ESV Men’s Devotional Bible

esvmdbThis releases on October 31:

Sam Storms, ed. ESV Men’s Devotional Bible. Wheaton, IL: Crossway, 2015.

Here’s the list of contributors, which includes several people associated with my school, Bethlehem College & Seminary:

  1. Sam Storms, board member (general editor; Joshua, Jonah)
  2. Jason DeRouchie, associate professor of OT and biblical theology (Deuteronomy)
  3. Brian Tabb, associate dean and assistant professor of biblical studies (Acts)
  4. Jason Meyer, associate professor of NT; Bethlehem Baptist Church pastor for preaching and vision (2 Corinthians)
  5. Sam Crabtree, board chairman; Bethlehem Baptist Church pastor for small groups (Colossians, Philemon)
  6. Todd Wilson, graduate of the The Bethlehem Institute’s first class (1–2 Timothy)
  7. Andy Naselli, assistant professor of NT and biblical theology (1–2 Peter, Jude)

[Read more…]

Bonhoeffer’s Seminary Vision: A Case for Costly Discipleship and Life Together

houseI anticipated that this book would be good, and it didn’t disappoint me:

Paul R. House. Bonhoeffer’s Seminary Vision: A Case for Costly Discipleship and Life Together. Wheaton, IL: Crossway, 2015. 32-page PDF sample.

After I read this book last May, I wrote this on the title page:

Very good book. It made me even more grateful that I get to train future pastors at Bethlehem College & Seminary in an environment that’s ideal for doing what Paul House advocates.

Some excerpts (#8 is a zinger): [Read more…]

John Piper’s Tribute to Tom Steller

StellerPiperIn this picture from September 1, 2015, John Piper has his arm around Tom Steller. They are in a staff meeting for Bethlehem Baptist Church, and John Piper is praising God for Tom Steller’s serving Bethlehem for 35 years. Here’s a transcript of what Piper said:

I taught Bible at Bethel for six years, 1974–1980. Tom took six of my courses, four in Greek and two exegesis courses. (I know that because it’s in my journal.) And at the end of those six courses the die was cast for a lifetime of partnership in Christian Hedonism, and the Piper-Steller fabric began to be woven. We have loved and praised and served the same glorious God on the same basis of glorious Scripture for 40 years together. [Read more…]

C. S. Lewis on His Church’s Hymns: “fifth-rate poems set to sixth-rate music”

“Is attendance at a place of worship or membership with a Christian community necessary to a Christian way of life?” The way C. S. Lewis answers that question could be far more compelling, but what strikes me is how he describes the hymns of his day and how he responded.

Assignment: Apply the bold words below to your own context. (This is from C. S. Lewis, “Answers to Questions on Christianity,” in God in the Dock: Essays on Theology and Ethics, ed. Walter Hooper [Grand Rapids: Eerdmans, 1970], 51–52, bold added.)

That’s a question which I cannot answer. My own experience is that when I first became a Christian, about fourteen years ago, I thought that I could do it on my own, by retiring to my rooms and reading theology, and I wouldn’t go to the churches and Gospel Halls; and then later I found that it was the only way of flying your flag; and, of course, I found that this meant being a target. It is extraordinary how inconvenient to your family it becomes for you to get up early to go to Church. It doesn’t matter so much if you get up early for anything else, but if you get up early to go to Church it’s very selfish of you and you upset the house. If there is anything in the teaching of the New Testament which is in the nature of a command, it is that you are obliged to take the Sacrament [footnote quotes John 6:53–54], and you can’t do it without going to Church. I disliked very much their hymns, which I considered to be fifth-rate poems set to sixth-rate music. But as I went on I saw the great merit of it. I came up against different people of quite different outlooks and different education, and then gradually my conceit just began peeling off. I realized that the hymns (which were just sixth-rate music) were, nevertheless, being sung with devotion and benefit by an old saint in elastic-side boots in the opposite pew, and then you realize that you aren’t fit to clean those boots. It gets you out of your solitary conceit. It is not for me to lay down laws, as I am only a layman, and I don’t know much.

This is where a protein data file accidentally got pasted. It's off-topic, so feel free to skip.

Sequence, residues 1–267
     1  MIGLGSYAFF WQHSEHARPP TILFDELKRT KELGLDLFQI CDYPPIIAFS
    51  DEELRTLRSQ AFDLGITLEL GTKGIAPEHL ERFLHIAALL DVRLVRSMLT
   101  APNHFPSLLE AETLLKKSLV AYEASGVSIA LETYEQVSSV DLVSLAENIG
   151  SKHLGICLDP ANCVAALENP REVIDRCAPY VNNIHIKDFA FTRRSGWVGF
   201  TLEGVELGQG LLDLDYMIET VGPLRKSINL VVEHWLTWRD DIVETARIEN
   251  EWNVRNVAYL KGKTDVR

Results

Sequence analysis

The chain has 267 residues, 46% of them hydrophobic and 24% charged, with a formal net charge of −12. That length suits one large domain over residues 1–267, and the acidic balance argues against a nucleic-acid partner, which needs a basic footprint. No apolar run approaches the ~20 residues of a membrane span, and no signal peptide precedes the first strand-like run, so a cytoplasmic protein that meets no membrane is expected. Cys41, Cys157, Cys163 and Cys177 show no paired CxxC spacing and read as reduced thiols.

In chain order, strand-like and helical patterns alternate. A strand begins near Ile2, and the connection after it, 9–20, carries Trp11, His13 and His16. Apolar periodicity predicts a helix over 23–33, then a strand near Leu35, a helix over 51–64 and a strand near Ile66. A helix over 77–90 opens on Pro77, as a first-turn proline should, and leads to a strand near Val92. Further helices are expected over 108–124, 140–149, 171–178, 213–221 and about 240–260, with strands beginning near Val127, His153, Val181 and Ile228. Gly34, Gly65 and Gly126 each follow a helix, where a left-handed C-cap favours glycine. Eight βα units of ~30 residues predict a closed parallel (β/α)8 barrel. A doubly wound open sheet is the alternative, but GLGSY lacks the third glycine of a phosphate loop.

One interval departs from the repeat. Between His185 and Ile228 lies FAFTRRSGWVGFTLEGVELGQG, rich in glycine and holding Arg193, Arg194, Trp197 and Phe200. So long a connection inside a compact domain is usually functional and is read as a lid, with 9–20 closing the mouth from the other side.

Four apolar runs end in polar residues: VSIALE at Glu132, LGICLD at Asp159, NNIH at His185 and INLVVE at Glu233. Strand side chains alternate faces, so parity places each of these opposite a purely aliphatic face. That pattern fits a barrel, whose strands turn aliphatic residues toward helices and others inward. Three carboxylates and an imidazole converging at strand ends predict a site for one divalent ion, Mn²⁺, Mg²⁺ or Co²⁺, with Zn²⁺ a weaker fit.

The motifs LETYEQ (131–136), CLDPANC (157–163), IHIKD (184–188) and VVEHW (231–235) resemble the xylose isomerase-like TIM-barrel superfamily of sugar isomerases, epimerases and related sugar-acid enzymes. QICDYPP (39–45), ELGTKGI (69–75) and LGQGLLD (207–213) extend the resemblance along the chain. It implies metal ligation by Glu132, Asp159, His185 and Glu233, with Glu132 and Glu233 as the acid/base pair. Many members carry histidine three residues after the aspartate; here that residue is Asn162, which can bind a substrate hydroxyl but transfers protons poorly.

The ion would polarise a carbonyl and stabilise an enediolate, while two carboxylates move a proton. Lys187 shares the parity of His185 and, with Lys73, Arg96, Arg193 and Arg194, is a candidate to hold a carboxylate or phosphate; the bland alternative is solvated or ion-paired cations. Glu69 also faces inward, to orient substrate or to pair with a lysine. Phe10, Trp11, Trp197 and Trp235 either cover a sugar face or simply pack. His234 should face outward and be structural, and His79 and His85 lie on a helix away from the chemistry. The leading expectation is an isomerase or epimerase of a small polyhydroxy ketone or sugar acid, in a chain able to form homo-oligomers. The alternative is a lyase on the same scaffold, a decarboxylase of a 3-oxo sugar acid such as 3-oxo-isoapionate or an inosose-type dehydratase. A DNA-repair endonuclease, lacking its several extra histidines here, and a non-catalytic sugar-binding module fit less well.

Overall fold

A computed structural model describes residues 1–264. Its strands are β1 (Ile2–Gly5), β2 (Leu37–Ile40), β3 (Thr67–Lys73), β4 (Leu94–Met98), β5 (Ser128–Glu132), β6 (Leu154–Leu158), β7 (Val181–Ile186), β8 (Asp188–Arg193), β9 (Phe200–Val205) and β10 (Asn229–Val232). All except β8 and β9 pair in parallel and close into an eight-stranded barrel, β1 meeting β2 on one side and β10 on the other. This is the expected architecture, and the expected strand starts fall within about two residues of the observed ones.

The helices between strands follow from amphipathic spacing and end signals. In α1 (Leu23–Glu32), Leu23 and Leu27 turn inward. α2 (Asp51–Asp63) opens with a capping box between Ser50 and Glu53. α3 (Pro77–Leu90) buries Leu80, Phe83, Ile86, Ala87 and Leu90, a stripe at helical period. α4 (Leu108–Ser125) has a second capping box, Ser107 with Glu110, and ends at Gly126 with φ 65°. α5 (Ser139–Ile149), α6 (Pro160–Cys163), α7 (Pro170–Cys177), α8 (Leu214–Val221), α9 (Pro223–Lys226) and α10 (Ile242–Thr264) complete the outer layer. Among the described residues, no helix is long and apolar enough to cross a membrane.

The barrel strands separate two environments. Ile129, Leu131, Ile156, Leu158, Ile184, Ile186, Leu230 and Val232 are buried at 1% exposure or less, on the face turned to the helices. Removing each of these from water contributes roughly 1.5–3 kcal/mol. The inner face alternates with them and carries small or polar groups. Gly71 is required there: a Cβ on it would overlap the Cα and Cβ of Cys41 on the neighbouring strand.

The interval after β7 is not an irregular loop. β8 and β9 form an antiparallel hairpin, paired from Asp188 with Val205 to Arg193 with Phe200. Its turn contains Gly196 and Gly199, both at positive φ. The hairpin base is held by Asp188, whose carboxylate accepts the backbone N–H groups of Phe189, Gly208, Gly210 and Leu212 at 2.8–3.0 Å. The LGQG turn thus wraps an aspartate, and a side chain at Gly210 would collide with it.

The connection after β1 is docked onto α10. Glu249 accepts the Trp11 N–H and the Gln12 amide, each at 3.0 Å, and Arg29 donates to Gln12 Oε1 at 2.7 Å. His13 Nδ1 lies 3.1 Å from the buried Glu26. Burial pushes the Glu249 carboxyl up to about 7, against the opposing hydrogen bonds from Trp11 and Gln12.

3 Reasons for a Pastor-Theologian to Get a PhD

theologianGerald Hiestand and Todd Wilson give three reasons for a pastor-theologian to get a PhD. This is from their book The Pastor Theologian: Resurrecting an Ancient Vision (Grand Rapids: Zondervan, 2015), 104–5:

Strategy One: Get a PhD

We begin with this not because it is the most important strategy, but because it is a critical part of the preparation we believe is necessary for ecclesial theologians. The costs of a PhD—financial, emotional, familial—are significant and not to be taken lightly. For some, a PhD may not be possible or prudent. Yet those who aspire to be ecclesial theologians should think seriously about pursuing a PhD. True, Karl Barth didn’t have PhD. But until you’ve written something remotely akin to his Römerbrief, you should probably get on with getting one; it will almost certainly be necessary for pursuing the sort of vision we’ve laid out for the ecclesial theologian. We say this for at least three reasons. [Read more…]

Should You Be a Pastor or a Professor?

In his post “Should You be a Pastor or a Professor? Thinking through the Options,” Michael Kruger lays out six options in a chiasm:

1. The Pastor

2. The Pastor-Scholar

3. The Pastor-Scholar who is active in scholarly world

4. The Scholar-Pastor who is active in the church

5. The Scholar-Pastor

6. The Scholar

Kruger’s taxonomy (and the way he explains it) is insightful and helpful. [Read more…]